By Stella Vasileiadou,
Studies have shown that people who value what they have, tend to be happier as compared with those who do not.
Admit it. How often do you feel like you are missing something? Or that your life is not the way you wanted it to be? I am sure that such thoughts are familiar to you, either speaking from personal experience or from what you have heard from others. But, let us take a step back and think about it; does the “perfect life” really exist? Is it something realistic and achievable?
Oh, do not get me wrong. Of course, this does not mean that we have to compromise and stop looking or aiming for something better, but that may be, it is high time we realized and appreciated everything we have.
Look at it this way; nothing is for certain. For instance, most of us have a warm bed to sleep on, food, water, friends, and family, while others would give anything to be in our shoes. Instead of realizing how lucky we are, we end up complaining about what we do not have and how unfair life has been to us.
What is gratitude?
The word gratitude comes from the Latin word gratia, which means grace, gratefulness, or graciousness (always keeping in mind the context in general). And it is surprising how gratitude somehow includes all of these meanings. The term gratitude could be defined as “a thankful appreciation for what an individual receives, whether it is something material (tangible) or not”.
In other words, it means that with gratitude, people realize and are more aware of the positive aspects of their lives.
How to grow your thankfulness for your life?
So, here are some ways to add “gratitude” to your daily routine and improve your overall well-being:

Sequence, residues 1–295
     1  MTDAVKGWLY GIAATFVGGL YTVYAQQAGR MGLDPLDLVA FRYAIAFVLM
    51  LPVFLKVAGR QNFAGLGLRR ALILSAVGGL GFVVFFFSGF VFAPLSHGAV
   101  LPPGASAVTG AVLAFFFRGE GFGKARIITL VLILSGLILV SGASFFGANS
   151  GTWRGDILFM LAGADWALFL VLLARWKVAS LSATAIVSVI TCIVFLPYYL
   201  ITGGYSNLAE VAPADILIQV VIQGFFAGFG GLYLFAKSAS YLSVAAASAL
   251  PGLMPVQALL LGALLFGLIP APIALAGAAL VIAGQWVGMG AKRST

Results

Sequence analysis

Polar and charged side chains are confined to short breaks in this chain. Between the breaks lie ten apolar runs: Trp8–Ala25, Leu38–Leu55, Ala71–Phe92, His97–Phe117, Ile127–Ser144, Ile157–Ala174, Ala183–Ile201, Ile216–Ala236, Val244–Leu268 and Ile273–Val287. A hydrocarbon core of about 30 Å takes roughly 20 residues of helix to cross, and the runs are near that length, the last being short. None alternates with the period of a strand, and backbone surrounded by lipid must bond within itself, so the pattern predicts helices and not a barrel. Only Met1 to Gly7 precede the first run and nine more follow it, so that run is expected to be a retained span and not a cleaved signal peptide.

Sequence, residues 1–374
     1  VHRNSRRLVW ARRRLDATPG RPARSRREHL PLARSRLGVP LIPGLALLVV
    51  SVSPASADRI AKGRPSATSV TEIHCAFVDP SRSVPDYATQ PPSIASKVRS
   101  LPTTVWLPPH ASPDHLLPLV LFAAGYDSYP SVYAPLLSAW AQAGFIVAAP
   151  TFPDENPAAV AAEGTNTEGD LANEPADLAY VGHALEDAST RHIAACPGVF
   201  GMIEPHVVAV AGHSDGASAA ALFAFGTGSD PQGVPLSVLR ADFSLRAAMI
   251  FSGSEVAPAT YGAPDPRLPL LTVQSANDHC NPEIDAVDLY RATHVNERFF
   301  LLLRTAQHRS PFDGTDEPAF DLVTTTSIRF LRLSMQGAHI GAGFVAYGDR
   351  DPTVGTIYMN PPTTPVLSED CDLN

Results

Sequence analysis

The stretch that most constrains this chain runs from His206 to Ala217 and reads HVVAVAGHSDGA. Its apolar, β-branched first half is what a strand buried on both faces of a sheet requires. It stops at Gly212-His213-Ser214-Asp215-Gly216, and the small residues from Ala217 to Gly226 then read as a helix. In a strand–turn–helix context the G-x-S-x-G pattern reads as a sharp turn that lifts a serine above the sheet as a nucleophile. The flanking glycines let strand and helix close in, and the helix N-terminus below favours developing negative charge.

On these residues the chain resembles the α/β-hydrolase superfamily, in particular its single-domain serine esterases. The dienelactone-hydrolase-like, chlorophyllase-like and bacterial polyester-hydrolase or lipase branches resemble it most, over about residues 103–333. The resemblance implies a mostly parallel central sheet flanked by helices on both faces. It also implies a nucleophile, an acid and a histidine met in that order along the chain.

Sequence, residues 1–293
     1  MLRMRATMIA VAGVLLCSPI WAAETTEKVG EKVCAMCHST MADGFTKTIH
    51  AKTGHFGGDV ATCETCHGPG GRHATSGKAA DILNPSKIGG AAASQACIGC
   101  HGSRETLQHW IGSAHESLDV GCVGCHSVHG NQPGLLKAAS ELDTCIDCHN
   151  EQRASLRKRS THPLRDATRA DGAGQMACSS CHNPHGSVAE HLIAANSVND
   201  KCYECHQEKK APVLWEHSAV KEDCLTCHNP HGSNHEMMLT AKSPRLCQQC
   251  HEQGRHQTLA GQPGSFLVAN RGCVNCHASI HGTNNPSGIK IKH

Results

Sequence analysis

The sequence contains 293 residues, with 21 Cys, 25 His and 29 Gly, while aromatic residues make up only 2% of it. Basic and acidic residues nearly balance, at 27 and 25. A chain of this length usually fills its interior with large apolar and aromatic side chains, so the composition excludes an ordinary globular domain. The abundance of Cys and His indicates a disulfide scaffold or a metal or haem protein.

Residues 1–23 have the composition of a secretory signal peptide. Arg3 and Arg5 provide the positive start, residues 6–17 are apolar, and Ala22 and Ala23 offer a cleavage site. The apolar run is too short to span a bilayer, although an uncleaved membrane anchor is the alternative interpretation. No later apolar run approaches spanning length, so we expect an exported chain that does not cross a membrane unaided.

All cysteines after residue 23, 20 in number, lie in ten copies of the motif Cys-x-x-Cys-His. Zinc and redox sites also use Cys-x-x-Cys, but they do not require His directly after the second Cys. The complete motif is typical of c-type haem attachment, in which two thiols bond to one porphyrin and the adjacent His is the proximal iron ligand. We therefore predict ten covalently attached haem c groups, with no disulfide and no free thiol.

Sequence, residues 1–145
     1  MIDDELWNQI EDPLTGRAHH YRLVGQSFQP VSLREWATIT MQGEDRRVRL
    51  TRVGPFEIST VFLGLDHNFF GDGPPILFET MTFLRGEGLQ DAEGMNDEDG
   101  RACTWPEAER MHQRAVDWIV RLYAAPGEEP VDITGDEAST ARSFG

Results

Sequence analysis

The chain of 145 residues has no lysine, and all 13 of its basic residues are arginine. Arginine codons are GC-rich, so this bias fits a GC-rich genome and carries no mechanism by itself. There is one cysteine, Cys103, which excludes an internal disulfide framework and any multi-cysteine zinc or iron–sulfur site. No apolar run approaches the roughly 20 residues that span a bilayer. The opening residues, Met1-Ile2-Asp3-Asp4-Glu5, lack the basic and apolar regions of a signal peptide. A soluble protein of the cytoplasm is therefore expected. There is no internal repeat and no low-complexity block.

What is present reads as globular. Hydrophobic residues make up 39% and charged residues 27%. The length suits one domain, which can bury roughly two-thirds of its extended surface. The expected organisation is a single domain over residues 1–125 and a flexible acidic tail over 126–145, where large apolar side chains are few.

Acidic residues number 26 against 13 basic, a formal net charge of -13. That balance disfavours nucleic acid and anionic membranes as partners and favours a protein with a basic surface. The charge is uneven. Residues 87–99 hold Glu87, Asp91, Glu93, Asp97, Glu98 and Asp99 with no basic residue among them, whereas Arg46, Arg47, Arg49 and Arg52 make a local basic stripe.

What about a thank-you note? Did you know that you can make yourself happier by boosting your mood, and strengthening your bonds with other people simply by writing a thank-you letter or email expressing your feelings about them and more specifically, how thankful you are for having them in your life? You could send it to them or read it in front of them if possible. Make this a habit of yours, by doing it on a monthly basis or you could even as well write at least one such letter per month to yourself.
Thank someone without them knowing it. Too busy and not enough time to write? Believe me, it may help just to think about someone who has done something nice for you, and mentally say “thank you” to that individual. More or less, the feeling is the same.
Dear (gratitude) diary… It is a very common practice among people nowadays and seems to have improved their mental health quite enough. Write down or why not share thoughts with a loved one about the gifts you’ve received each day.
P.S: By “gifts” we do not mean presents but the happy moments of the day.
How many exactly are your blessings? All you have to do is choose a time every week in a quiet place and concentrate in order to write down about your blessings — thinking how lucky you are for having something specific or what you are grateful for. Some people claim that it helps them to pick a number —usually two to five things— that they will have to identify each week, like a task you have to complete. As you write, try to be as specific as possible and try to bring into your mind the sensations you felt when something good happened to you.
Pray. Religious people can also use the magic power of prayer to feel more grateful for what they have.
Meditation could work, too. Mindfulness meditation means being concentrated on the present moment without fear of getting judged or criticized. Try to focus on what you are really thankful for (i.e. a good movie you watched, your family, a nice song you heard on the radio, etc.).
Appreciating what is valuable and what means a lot to us is the key to gratefulness and to a happier and better life. No one said it is an easy process: it does take time and requires staying focused and dedicated to your goal, but the result will be worth it.
- Ackerman, C.E., What is Gratitude and Why Is It So Important?, PositivePsychology, Available here
- Brown, J. & Wong, J., How Gratitude Changes You and Your Brain, Greater Good Magazine, Available here
- Harvard Health Publishing, Giving Thanks Can Make You Happier, Available here